View synonyms for mist



[ mist ]


  1. a cloudlike aggregation of minute globules of water suspended in the atmosphere at or near the earth's surface, reducing visibility to a lesser degree than fog.
  2. a cloud of particles resembling this:

    She sprayed a mist of perfume onto her handkerchief.

  3. something that dims, obscures, or blurs:

    the mist of ignorance.

  4. a haze before the eyes that dims the vision:

    a mist of tears.

  5. a suspension of a liquid in a gas.
  6. a drink of liquor served over cracked ice.
  7. a fine spray produced by a vaporizer to add moisture to the air for breathing.

verb (used without object)

  1. to become misty.
  2. to rain in very fine drops; drizzle (usually used impersonally with it as subject):

    It was misting when they went out for lunch.

verb (used with object)

  1. to make misty.
  2. to spray (plants) with a finely diffused jet of water, as a means of replacing lost moisture.



abbreviation for

  1. (in prescriptions) a mixture.


/ mɪst /


  1. a thin fog resulting from condensation in the air near the earth's surface
  2. meteorol such an atmospheric condition with a horizontal visibility of 1–2 kilometres
  3. a fine spray of any liquid, such as that produced by an aerosol container
  4. chem a colloidal suspension of a liquid in a gas
  5. condensed water vapour on a surface that blurs the surface
  6. something that causes haziness or lack of clarity, such as a film of tears


  1. to cover or be covered with or as if with mist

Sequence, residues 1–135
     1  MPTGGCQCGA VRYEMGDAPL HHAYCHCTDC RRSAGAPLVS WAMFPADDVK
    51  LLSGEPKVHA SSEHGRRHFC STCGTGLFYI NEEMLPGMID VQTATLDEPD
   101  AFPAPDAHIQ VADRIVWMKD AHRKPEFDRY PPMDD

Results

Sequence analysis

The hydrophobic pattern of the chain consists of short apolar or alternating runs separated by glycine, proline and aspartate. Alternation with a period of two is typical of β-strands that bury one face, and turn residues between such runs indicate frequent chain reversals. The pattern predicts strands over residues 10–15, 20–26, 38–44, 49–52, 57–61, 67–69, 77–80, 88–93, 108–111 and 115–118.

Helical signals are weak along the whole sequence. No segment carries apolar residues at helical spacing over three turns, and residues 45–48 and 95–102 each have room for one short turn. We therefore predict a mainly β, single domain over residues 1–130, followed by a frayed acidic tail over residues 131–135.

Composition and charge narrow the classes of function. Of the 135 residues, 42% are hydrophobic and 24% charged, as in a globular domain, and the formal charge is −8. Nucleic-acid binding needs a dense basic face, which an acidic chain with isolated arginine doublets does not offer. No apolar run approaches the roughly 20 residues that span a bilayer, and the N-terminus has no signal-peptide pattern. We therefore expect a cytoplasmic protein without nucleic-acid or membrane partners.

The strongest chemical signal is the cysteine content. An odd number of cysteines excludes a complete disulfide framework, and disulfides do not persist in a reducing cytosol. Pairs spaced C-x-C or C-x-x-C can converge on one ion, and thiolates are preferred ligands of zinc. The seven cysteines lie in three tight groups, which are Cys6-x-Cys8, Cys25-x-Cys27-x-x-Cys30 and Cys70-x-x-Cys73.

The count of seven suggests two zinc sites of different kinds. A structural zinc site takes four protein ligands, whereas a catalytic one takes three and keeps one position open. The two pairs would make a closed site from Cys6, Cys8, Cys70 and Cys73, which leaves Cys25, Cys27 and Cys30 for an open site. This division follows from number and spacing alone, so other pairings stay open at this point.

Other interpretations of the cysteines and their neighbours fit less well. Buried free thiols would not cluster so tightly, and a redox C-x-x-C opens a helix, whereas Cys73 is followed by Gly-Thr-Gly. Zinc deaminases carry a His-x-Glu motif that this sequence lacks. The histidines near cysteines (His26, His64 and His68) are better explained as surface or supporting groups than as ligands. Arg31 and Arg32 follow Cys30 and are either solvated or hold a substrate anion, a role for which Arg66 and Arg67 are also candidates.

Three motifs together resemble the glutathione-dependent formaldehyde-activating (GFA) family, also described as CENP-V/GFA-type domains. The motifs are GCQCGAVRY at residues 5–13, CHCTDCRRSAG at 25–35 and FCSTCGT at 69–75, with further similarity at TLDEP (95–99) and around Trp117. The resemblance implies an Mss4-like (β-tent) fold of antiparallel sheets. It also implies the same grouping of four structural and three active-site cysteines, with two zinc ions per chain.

/ mĭst /

  1. A mass of fine droplets of water in the atmosphere near or in contact with the Earth. Mist reduces visibility to not less than 1 km (0.62 mi).
  2. Compare fog

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Other Words From

  • mistless adjective
  • de·mist verb (used with object)
  • under·mist noun

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Word History and Origins

Origin of mist1

First recorded before 900; (noun) Middle English, Old English; cognate with Dutch, Low German, Swedish mist; akin to Greek omíchlē “fog,” Russian mgla “mist,” Sanskrit megha “cloud”; (verb) Middle English misten, Old English mistian, derivative of the noun

Origin of mist2

From the Latin word mistūra

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Word History and Origins

Origin of mist1

Old English; related to Middle Dutch, Swedish mist, Greek omikhlē fog

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Synonym Study

See cloud.

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Example Sentences

In this valley so far away from Syria, questions loom like mist drifting off the Caucasus.

The Spire, like most fountains, has the basics -- Pepsi, Mountain Dew, Sierra Mist, Brisk Iced Tea and SoBe Lifewater.

A morning mist hung over everything, clearing occasionally to reveal lone fishermen.

E-cigarettes have never been studied, but inhaling really hot mist into the lung probably will have consequences.

Until 20 minutes before, the mist had completely obscured whatever stood across the plaza at the 9/11 Memorial.

She set off down Trafalgar Road in the mist and the rain, glad that she had been compelled to walk.

Specimens were easily collected in a mist net placed across the opening.

For a moment there seemed a sudden light before her eyes, and then a dark mist; in another she recovered herself.

I have blotted out thy iniquities as a cloud, and thy sins as a mist: return to me, for I have redeemed thee.

A damp mist rose from the river and the marshy ground about, and spread itself over the dreary fields.


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